African Americans continue to emerge as powerful consumers and creators. The borderless digital age has allowed for explosive creative growth and buying power within the black community. As social consciousness increases and African American influencers grow in prominence, black consumers and creators are poised for a massive increase in buying power — both on traditional platforms and new “financial ecosystems,” those created by African American entrepreneurs. Although marketers must be aware that African Americans are not a monolithic group, understanding emerging trends and themes can be a useful tool for strategizing campaigns.
According to the Selig Center for Economic Growth, “black buying power will rise from $1.3 trillion in 2017 to $1.54 trillion in 2022. This estimate for 2022 reflects a 5.4% increase over last year’s estimate of reaching $1.46 trillion in 2021. The 108% increase in black buying power between 2000 and 2017 outperformed the 87% rise in white buying power and the 97% increase in total buying power (all races combined) during the same period.”
Some other facts about the buying and digital habits of African Americans:
- 54% of the African American population has lived their whole lives in the digital age.
- Social networking reaches far into the African American population as a platform for creation and communication, with 81% of users engaging on a smartphone, 43% on a tablet and 13% on a computer.
- 73% of African Americans are gamers, and the lack of diversity in the gaming industry is pushing innovation from the African American community.
- 19 million of Twitter’s 67 million users are African American.
- African Americans over index against the rest of the U.S population for grocery spending, and interest in trying meal kits is growing among black consumers, more so that non-Hispanic whites, 40% vs. 29%.
- At a rate of two-to-one versus non-Hispanic whites, African Americans feel “really good” about seeing celebrities in the media that represent them or share their ethnicity.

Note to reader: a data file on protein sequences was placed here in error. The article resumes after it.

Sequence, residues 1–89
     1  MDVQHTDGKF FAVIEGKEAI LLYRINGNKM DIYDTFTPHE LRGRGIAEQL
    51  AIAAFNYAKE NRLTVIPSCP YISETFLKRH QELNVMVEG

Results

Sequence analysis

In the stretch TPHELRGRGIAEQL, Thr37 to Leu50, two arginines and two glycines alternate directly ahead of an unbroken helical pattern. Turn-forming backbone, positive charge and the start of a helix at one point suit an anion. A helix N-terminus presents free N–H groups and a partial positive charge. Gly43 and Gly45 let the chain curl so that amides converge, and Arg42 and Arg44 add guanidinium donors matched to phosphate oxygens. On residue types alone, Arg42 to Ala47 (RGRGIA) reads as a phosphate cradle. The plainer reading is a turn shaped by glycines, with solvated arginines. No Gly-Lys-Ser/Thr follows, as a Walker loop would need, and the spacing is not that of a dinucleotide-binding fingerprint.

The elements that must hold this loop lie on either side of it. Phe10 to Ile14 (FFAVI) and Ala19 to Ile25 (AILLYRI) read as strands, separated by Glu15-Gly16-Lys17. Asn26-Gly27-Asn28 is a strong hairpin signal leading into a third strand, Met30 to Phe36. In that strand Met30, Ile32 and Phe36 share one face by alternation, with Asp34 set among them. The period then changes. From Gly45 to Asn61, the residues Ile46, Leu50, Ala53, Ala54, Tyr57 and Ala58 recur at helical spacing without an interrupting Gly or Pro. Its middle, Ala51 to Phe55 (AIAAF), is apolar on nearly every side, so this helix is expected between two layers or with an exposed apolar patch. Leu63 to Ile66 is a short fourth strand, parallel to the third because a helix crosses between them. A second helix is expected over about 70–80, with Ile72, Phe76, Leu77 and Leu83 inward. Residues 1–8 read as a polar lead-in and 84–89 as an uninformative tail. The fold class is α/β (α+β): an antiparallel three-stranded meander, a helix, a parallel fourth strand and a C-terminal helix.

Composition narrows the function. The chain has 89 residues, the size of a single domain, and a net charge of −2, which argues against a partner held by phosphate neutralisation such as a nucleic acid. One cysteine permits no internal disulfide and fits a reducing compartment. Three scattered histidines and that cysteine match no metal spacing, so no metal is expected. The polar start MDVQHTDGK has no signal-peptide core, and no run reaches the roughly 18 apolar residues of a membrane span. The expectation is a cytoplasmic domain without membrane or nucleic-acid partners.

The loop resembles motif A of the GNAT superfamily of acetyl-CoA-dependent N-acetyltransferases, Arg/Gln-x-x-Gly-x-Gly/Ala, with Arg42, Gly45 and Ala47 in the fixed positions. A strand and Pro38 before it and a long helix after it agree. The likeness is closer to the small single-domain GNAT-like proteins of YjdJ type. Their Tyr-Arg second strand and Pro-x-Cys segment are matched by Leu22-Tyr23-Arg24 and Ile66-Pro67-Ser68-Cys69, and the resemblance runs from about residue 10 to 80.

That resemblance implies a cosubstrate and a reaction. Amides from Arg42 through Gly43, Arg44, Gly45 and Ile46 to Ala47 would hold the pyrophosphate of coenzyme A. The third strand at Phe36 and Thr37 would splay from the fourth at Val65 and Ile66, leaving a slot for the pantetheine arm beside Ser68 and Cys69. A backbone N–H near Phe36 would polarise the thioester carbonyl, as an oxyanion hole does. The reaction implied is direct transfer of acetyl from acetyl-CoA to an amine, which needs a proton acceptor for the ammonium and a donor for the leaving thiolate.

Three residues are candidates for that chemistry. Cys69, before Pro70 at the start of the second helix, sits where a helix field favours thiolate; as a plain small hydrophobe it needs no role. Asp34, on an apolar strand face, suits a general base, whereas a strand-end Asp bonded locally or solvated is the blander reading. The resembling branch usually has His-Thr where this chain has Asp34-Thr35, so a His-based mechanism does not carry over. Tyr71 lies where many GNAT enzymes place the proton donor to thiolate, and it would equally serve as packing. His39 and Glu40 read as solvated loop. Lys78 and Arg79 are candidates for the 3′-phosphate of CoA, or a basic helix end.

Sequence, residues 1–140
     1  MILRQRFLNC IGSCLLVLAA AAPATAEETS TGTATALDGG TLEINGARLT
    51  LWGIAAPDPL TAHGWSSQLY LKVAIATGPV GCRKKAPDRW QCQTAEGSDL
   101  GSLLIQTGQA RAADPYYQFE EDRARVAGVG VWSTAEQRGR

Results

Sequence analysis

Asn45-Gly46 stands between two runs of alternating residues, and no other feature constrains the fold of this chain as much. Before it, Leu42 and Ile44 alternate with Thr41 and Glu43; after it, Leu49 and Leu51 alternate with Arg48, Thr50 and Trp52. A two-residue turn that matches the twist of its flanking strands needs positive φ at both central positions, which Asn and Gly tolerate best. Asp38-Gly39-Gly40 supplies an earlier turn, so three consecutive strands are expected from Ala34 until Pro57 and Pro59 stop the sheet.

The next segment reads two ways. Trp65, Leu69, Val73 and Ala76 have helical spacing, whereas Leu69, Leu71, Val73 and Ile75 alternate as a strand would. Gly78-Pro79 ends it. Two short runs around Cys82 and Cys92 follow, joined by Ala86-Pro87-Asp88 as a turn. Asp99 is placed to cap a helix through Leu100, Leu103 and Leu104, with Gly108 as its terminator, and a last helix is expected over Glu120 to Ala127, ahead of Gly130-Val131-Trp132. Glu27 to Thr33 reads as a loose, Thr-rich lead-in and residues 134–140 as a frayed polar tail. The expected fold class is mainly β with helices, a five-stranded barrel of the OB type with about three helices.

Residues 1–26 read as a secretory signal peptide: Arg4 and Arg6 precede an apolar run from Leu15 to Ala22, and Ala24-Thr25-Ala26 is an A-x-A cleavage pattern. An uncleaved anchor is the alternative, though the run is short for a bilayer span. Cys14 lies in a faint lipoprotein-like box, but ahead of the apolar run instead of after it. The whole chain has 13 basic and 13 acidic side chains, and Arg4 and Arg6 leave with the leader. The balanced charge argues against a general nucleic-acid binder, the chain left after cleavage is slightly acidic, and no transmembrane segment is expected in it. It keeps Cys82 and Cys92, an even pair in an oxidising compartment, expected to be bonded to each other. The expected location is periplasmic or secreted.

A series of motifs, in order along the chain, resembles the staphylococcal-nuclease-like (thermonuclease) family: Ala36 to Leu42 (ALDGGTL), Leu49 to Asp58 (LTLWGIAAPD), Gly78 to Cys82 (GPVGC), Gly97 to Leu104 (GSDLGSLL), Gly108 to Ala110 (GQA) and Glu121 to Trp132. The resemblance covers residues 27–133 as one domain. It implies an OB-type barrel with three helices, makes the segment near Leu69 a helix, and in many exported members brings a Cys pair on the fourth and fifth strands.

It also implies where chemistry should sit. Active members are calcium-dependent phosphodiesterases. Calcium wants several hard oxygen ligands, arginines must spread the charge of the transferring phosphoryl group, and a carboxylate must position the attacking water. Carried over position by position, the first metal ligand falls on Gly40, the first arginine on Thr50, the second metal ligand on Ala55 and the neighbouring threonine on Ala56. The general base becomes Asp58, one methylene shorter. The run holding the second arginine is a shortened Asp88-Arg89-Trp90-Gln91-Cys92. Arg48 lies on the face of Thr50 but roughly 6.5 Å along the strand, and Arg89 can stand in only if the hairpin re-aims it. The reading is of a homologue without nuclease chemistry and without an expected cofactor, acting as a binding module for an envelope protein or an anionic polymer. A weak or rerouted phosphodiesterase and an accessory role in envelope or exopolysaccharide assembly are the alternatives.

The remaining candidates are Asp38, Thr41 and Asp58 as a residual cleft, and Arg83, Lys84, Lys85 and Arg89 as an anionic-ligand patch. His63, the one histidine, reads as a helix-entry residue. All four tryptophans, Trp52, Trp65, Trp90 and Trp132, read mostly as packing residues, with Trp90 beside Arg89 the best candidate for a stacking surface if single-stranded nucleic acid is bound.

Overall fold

Black Consumers Have Buying Power, Value Authenticity And Exhibit Brand Loyalty
African Americans make up 14% of the population, but there are many areas where their spending is proportionally substantial. “Black shoppers spent $473 million in total hair care (a $4.2 billion industry) and made other significant investments in personal appearance products, such as grooming aids ($127 million out of $889 million) and skin care preparations ($465 million out of $3 billion),” according to Black Impact: Consumer Categories Where African Americans Move Markets, a study by Nielsen. In general, African Americans are spending more in the beauty marketplace than in prior years, and their spending habits are influencing other shoppers.
Research shows that there is a “halo effect” around the spending decisions of black consumers, and it’s impacting other demographic groups. “These figures [in the chart above] show that investment by multinational conglomerates in R&D to develop products and marketing that appeal to diverse consumers is, indeed, paying off handsomely,” says Cheryl Grace, Senior Vice President of U.S. Strategic Community Alliances and Consumer Engagement at Nielsen. In the beauty market specifically, because of the spend of black consumers, beauty products are becoming more diverse and appealing to the general market as well. This mainstream growth sends a strong message to marketers that employing multicultural growth strategies and optimized, inclusive and targeted messaging can pay off.
A brand’s cultural relevancy and engagement with social issues also resonates with black consumers. “38% of African Americans between the ages of 18 and 34 and 41% of those aged 35 or older say they expect the brands they buy to support social causes, 4% and 15% more than their total population counterparts, respectively,” according to the Black Impact report.
This expectation that brands will be socially and culturally aware, coupled with the prevalence of social media use among black consumers, has increased pressure on companies to build new relationships with African Americans and protect their existing market shares within the black community. With 44% of African Americans more likely to support or interact with brands online than their white peers, nurturing these nascent interactions could be critical for brand growth.